When did the story of socks (long yarn, indeed) begin? Well, I'm sure you have a hunch... when our feet got chilly. But throughout sock's deep history, how much has this simple, yet indispensable innovation evolved?
When we were cavemen, we wore socks made of animal skins collected around our ankles that were knotted together. Moving up to the the early medieval period, people who wore socks were proud members of the higher social strata. Hand-woven or hand-sewn socks were the norm. With the development of the knitting machine in the 16th century, tighter-woven socks were produced. It is common to see them fashioned of wool for the average people, and silk or cotton for the elite class. Nylon socks didn't appear on the market until the turn of the twentieth century.
Socks are useful for more than just keeping our feet toasty; they also help reduce shoe abrasion. Even if modern shoes are far more comfortable than in the past, we still wear socks with nearly all of them. Do you have any idea how uncomfortable it must have been to wear some of the shoes that were popular throughout the middle ages without socks? Yikes!
Socks were more accessible in the 1600s when knitting schools were established. Because more and more businesses began specializing in certain sorts of socks, you could be confident in the high quality of the socks you purchased. The sock maker was forced to use whatever wool he could get his hands on. This is especially true in Yorkshire, England, where children and employees were far more likely to wear rougher socks. To get the best wool socks, you'd have to go to the Midlands of Britain.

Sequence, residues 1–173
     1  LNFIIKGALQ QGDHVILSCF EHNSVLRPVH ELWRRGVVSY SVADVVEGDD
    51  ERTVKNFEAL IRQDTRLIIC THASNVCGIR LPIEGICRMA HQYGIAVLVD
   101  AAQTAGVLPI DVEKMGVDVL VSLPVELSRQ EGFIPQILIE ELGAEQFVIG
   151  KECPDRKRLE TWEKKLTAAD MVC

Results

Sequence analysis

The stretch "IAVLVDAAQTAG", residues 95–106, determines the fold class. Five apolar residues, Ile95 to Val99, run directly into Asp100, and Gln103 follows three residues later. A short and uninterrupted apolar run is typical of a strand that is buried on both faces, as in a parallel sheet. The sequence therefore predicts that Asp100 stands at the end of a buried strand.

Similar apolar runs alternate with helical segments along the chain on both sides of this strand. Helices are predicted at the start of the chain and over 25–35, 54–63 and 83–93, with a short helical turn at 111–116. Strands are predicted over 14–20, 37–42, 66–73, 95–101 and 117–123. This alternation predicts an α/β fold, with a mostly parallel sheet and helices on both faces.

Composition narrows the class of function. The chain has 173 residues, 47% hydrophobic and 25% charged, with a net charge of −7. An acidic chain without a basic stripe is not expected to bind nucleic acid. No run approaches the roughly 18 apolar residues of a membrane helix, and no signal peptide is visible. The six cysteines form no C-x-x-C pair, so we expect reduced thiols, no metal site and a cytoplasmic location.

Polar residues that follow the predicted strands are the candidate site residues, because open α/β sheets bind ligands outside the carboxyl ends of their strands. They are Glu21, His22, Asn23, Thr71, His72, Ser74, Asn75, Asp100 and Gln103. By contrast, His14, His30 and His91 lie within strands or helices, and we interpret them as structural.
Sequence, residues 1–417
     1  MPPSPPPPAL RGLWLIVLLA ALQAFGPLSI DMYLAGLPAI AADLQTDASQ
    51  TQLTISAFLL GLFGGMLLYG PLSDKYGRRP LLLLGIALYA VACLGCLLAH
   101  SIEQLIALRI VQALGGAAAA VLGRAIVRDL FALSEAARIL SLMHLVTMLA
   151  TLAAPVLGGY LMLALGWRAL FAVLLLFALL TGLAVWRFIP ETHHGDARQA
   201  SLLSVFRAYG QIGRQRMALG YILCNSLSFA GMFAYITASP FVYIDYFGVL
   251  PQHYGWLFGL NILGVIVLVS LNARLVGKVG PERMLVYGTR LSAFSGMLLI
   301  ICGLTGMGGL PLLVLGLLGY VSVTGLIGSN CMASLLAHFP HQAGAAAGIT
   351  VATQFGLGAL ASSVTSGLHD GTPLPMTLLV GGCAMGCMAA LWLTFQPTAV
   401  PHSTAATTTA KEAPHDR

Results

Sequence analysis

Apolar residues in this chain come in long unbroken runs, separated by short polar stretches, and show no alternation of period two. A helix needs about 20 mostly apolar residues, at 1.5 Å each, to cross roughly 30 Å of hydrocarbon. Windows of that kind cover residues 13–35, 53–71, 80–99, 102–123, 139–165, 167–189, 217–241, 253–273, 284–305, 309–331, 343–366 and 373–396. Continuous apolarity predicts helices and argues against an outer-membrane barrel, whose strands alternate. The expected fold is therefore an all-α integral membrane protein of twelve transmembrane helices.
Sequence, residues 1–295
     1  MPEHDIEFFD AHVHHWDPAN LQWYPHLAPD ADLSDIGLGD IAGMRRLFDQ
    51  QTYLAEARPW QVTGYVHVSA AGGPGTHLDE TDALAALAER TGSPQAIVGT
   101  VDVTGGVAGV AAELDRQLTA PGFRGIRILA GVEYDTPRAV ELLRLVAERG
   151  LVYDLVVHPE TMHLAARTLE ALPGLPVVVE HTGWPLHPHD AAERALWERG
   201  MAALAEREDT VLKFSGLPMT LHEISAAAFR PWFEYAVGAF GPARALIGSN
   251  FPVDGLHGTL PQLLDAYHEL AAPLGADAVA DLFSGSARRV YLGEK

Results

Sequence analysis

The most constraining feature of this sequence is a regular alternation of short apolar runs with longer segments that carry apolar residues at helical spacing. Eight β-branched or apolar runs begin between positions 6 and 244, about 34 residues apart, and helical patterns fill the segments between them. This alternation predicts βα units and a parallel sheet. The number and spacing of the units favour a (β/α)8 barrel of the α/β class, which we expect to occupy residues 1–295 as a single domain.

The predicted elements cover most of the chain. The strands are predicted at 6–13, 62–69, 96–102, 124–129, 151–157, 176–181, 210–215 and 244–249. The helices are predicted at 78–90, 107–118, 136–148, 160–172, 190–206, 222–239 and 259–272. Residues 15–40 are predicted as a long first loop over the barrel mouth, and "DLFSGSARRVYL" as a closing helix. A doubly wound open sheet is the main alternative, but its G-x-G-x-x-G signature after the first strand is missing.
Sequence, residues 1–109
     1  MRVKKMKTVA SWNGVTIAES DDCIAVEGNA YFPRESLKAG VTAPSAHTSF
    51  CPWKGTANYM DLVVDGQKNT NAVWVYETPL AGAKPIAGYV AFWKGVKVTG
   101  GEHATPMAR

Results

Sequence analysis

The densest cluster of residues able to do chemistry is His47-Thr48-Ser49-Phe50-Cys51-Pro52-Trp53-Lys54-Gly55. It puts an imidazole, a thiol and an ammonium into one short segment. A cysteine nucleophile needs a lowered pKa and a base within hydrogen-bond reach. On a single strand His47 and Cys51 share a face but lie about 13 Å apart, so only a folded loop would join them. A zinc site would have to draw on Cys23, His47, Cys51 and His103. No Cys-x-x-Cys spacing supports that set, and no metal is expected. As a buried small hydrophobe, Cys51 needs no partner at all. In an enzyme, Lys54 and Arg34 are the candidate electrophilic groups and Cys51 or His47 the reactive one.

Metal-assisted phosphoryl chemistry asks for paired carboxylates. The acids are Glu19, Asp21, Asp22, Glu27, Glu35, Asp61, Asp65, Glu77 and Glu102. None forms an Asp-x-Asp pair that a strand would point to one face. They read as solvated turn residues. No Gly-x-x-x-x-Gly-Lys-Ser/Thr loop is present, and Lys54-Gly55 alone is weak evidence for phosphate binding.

History of Socks – Present Day
Next, socks began to be worn at varied levels of length depending on what was fashionable at that given time, such as halfway up the calf all the way to the mid-thigh. When it came to socks, there was no limit to the number of colors and patterns that might be used. Cotton socks were popular in the late 1700s, when the fabric became widely available. In the 19th century, the name "socks" was employed to describe stockings, which had previously been referred to as long pants.
Until 1938, nylon was the only material that could be used to make socks. When cotton-nylon mix socks became stronger and sturdier, it was a logical progression in production. Socks became more flexible and comfortable when elastane was introduced to the mix later on.
Sock styles have come and gone, frequently to return after a few years. There is a revival of argyle designs, which were immensely popular in the 1920s. Cotton can now be dyed with more precision thanks to technological advancements, resulting in brighter and more vibrant socks. Socks with all sorts of fun funky patterns—like astronaut cats and Bigfoot— are becoming the newest fashion trend for men and women.
What will proceed after this craze for meme-inspired socks? Only time will tell…